Pacific Media Network has introduced a menstrual leave policy for employees, and it could be a game changer for how other companies – and the wider Pacific community – approach menstruation.
In the winter of 2021, Pacific Media Network’s Niu FM radio station discussed menstrual leave on air and the importance of normalising conversations around periods and menopause, topics considered taboo in many Pacific cultures.
Fast-forward to April 2022 and Pacific Media Network (PMN), a majority of whose staff identify as Pasifika, is walking the talk by introducing menstrual leave for its employees.
The change began at an E tū union meeting at PMN last year. Union delegate and radio broadcaster Sia Petelo says it was a female member who suggested talking to management about menstrual leave, following the korero that was aired on Niu FM. Before long the meeting was hearing stories about menstrual cramps, the struggle of mothers whose sick leave is used for childcare or their own menstrual pain, and male members were voicing their support for the policy.
Later, in a meeting with CEO Don Mann, Petelo pitched the idea of a menstrual and menopause leave policy. Mann declined. As he recalls the conversation, Petelo wasn’t having it, telling him the PMN was “established to uplift Pacific people, their voices, Pacific prosperity, uphold Pacific values and empower our community and here I am doing exactly that and you’re hesitating to follow through.” Mann says he looked back at Petelo and told her: “You’re 100% right.” His mind had been changed.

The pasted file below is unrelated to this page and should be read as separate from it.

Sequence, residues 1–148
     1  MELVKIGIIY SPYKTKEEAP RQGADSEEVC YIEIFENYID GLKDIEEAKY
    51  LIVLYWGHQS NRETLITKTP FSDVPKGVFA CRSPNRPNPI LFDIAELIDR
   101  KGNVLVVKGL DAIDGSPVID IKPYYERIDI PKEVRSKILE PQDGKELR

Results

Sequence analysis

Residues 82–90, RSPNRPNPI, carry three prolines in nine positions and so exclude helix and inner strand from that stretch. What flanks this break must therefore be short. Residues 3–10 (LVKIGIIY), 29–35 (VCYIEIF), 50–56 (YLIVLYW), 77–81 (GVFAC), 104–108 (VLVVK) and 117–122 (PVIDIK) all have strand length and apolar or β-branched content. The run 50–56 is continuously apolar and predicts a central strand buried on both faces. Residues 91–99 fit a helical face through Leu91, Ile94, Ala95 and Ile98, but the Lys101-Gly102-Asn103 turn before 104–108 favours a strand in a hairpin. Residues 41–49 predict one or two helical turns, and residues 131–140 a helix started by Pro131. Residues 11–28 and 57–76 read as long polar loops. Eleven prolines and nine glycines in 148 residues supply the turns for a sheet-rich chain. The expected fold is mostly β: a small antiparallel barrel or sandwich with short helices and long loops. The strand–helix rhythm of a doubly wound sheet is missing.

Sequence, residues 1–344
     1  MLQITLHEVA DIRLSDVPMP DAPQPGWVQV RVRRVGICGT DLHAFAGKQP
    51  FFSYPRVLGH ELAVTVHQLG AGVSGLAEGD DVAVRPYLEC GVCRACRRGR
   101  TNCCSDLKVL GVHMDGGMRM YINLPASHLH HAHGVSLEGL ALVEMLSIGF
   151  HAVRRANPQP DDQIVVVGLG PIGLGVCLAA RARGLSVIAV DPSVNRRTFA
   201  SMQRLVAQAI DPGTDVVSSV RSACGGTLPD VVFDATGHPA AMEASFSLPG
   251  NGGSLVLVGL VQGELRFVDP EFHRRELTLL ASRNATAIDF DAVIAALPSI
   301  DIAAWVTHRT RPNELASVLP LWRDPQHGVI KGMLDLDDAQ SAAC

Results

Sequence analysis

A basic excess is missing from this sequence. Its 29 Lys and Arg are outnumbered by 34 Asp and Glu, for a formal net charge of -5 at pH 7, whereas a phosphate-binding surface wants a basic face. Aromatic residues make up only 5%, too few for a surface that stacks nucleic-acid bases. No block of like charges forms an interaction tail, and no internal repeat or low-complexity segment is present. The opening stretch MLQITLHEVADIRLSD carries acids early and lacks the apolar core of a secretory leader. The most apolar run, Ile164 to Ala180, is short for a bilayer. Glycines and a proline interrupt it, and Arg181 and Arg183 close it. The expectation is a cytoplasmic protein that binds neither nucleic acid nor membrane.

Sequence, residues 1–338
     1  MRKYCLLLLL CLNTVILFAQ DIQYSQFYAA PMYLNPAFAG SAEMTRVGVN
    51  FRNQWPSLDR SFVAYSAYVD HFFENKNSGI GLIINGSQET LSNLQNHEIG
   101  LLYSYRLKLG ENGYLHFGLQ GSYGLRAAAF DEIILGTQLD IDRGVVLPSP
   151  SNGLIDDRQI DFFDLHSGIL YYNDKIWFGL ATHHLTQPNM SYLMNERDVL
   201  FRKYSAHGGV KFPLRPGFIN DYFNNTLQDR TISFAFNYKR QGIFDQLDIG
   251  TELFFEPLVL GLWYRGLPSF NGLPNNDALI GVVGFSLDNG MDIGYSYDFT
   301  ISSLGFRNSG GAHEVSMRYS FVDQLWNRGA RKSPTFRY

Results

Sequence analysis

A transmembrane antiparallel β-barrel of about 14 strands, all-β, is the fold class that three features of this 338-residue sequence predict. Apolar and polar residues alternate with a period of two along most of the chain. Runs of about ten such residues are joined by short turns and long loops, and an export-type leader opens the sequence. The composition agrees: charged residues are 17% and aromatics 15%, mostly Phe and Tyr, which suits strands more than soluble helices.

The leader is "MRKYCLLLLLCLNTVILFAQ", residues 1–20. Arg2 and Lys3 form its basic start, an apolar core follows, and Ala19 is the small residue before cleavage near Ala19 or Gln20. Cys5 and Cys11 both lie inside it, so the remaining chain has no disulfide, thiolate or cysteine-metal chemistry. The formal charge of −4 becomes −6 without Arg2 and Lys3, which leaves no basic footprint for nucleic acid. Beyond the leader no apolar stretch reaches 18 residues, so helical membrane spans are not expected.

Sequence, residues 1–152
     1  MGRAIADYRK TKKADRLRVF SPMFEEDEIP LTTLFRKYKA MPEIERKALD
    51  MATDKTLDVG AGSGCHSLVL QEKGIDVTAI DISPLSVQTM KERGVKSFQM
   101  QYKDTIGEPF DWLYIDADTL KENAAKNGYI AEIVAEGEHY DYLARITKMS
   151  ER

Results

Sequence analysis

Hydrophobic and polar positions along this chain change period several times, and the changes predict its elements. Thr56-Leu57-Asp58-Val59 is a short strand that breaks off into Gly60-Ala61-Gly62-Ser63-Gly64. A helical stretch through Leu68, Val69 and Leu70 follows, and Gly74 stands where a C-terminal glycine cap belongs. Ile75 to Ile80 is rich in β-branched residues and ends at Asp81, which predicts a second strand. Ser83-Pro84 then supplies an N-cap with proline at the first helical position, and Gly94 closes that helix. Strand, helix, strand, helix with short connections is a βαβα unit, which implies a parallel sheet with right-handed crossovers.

Mann discussed the idea with his leadership team, including female members Susana Guttenbeil and Leone Vito-Toleafoa who offered insight into the experience of menstruation and how it can affect employees’ ability to work. He contacted Kristy Chong, CEO of Australian company ModiBodi, which has implemented menstrual leave and their conversations led to Chong introducing Mann to Marian Baird, professor of gender and employment relations at the University of Sydney, where menstrual policies are also in place. “She shared research going back decades about workplace gender issues, which has a connection to menopause and menstruation, and it opened my eyes,” he says.
While he’d gained knowledge from across the ditch, Mann also wanted to look into experiences specific to Pacific women. “I made myself familiar with the work of Lana Lopesi who wrote Bloody Woman and after educating myself a bit more, it was a no-brainer.” He went back to the union, accepted the claim for menstrual leave and began drafting up a policy, which is now in place. Mann says he saw the change as an opportunity to dismantle the fakamā or shame around menstruation and menopause, and to let employees decide what’s best for their work environment, their vā or space, and for their total wellbeing.